And it should be realized that time is on the terrorists’ side. The longer they stay on their feet and fighting, the closer they come to acquiring true weapons of mass destruction. Radiological, chemical, or biological attack capabilities in the hands of a dispersed network would upend any notion of world order, because a network is simply not susceptible to the kind of retaliatory punitive threats that nations are. The prospect of mutual assured destruction may keep the thousands of Russian and American nuclear warheads safely locked away forever, but an al Qaeda network with just a few nukes would enjoy enormous coercive power over the world’s nations.
The irony of the situation is that President Obama has identified the right goal — focusing on enemy networks — but he has chosen almost all the wrong means by which to seek their disruption. Drones are too slow-acting, strategically, and create their own "drag" in the form of outrage at collateral damage. Targeting enemy leaders is highly unlikely to defeat networks whose cells operate with high degrees of autonomy. And the effort to identify and ameliorate grievances is inherently quixotic and, in fact, undercut by the damage caused by some of our own policies (like the invasion of Iraq).
Even the notion of spreading democracy, perhaps the most hallowed American policy aim in the world, has proved problematic — especially in the two major efforts undertaken over the past decade. The rise of representative government in Iraq — a result purchased at enormous cost — has seen rule handed over to a regime whose sentiments are becoming aligned more closely with Tehran than Washington. In Afghanistan, the fig leaf of democracy barely covers our acquiescence in the face of repeated election fraud and epic financial corruption.
No, the Obama strategy rolled out at the National Defense University is not going to work. The goal is correctly stated, but the means of reaching it are all wrong, comprising as they do a stale reprise of ineffective initiatives. What has not worked before is not going to start magically working now. If President Obama truly wants to take down terrorist networks, then he must focus relentlessly on the task, sending our elite forces after their cells wherever and whenever they can be found in the physical world, and on hacking their systems in cyberspace. These are the only means by which real peace might one day be restored — perhaps sooner than we think.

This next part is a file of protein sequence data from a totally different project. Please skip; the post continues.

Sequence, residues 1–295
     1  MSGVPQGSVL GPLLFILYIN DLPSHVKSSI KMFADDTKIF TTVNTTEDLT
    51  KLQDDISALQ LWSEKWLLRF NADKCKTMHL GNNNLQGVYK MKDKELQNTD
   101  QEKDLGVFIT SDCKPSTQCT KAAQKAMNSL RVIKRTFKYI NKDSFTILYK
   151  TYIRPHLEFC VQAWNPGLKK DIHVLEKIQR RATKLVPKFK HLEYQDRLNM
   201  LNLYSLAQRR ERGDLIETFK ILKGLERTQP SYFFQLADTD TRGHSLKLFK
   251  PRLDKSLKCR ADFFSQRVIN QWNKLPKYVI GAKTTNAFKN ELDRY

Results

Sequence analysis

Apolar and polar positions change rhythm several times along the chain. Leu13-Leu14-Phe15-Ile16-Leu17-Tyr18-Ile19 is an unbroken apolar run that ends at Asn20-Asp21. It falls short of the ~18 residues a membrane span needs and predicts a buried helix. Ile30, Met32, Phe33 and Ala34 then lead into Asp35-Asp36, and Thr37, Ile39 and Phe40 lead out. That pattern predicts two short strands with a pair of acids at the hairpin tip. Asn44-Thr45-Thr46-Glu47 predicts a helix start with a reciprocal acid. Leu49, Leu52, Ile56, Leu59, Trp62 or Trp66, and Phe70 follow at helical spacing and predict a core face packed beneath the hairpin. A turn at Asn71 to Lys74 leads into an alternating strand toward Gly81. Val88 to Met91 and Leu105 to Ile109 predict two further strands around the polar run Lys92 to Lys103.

John Arquilla earned his degrees in international relations from Rosary College (BA 1975) and Stanford University (MA 1989, PhD 1991). He has been teaching in the special operations program at the United States Naval Postgraduate School since 1993. He also serves as chairman of the Defense Analysis department.
Dr. Arquilla’s teaching interests revolve around the history of irregular warfare, terrorism, and the implications of the information age for society and security.
His books include: Dubious Battles: Aggression, Defeat and the International System (1992); From Troy to Entebbe: Special Operations in Ancient & Modern Times (1996), which was a featured alternate of the Military Book Club; In Athena’s Camp (1997); Networks and Netwars: The Future of Terror, Crime and Militancy (2001), named a notable book of the year by the American Library Association; The Reagan Imprint: Ideas in American Foreign Policy from the Collapse of Communism to the War on Terror (2006); Worst Enemy: The Reluctant Transformation of the American Military (2008), which is about defense reform; Insurgents, Raiders, and Bandits: How Masters of Irregular Warfare Have Shaped Our World (2011); and Afghan Endgames: Strategy and Policy Choices for America’s Longest War (2012).
Dr. Arquilla is also the author of more than one hundred articles dealing with a wide range of topics in military and security affairs. His work has appeared in the leading academic journals and in general publications like The New York Times, Forbes, Foreign Policy Magazine, The Atlantic Monthly, Wired and The New Republic. He is best known for his concept of “netwar” (i.e., the distinct manner in which those organized into networks fight). His vision of “swarm tactics” was selected by The New York Times as one of the “big ideas” of 2001; and in recent years Foreign Policy Magazine has listed him among the world’s “top 100 thinkers.”
In terms of policy experience, Dr. Arquilla worked as a consultant to General Norman Schwarzkopf during Operation Desert Storm, as part of a group of RAND analysts assigned to him. During the Kosovo War, he assisted deputy secretary of defense John Hamre on a range of issues in international information strategy. Since the onset of the war on terror, Dr. Arquilla has focused on assisting special operations forces and other units on practical “field problems.” Most recently, he worked for the White House as a member of a small, nonpartisan team of outsiders asked to articulate new directions for American defense policy.
More from Foreign Policy
No, the World Is Not Multipolar
The idea of emerging power centers is popular but wrong—and could lead to serious policy mistakes.
America Prepares for a Pacific War With China It Doesn’t Want
Embedded with U.S. forces in the Pacific, I saw the dilemmas of deterrence firsthand.
America Can’t Stop China’s Rise
And it should stop trying.
The Morality of Ukraine’s War Is Very Murky
The ethical calculations are less clear than you might think.